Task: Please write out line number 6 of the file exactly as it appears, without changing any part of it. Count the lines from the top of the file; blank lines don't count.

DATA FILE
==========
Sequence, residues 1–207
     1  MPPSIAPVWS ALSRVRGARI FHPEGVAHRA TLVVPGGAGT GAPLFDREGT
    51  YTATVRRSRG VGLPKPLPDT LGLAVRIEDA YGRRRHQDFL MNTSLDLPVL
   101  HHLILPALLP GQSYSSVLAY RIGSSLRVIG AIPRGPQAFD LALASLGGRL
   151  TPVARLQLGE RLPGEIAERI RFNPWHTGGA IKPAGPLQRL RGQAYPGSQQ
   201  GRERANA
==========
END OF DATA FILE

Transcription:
   201  GRERANA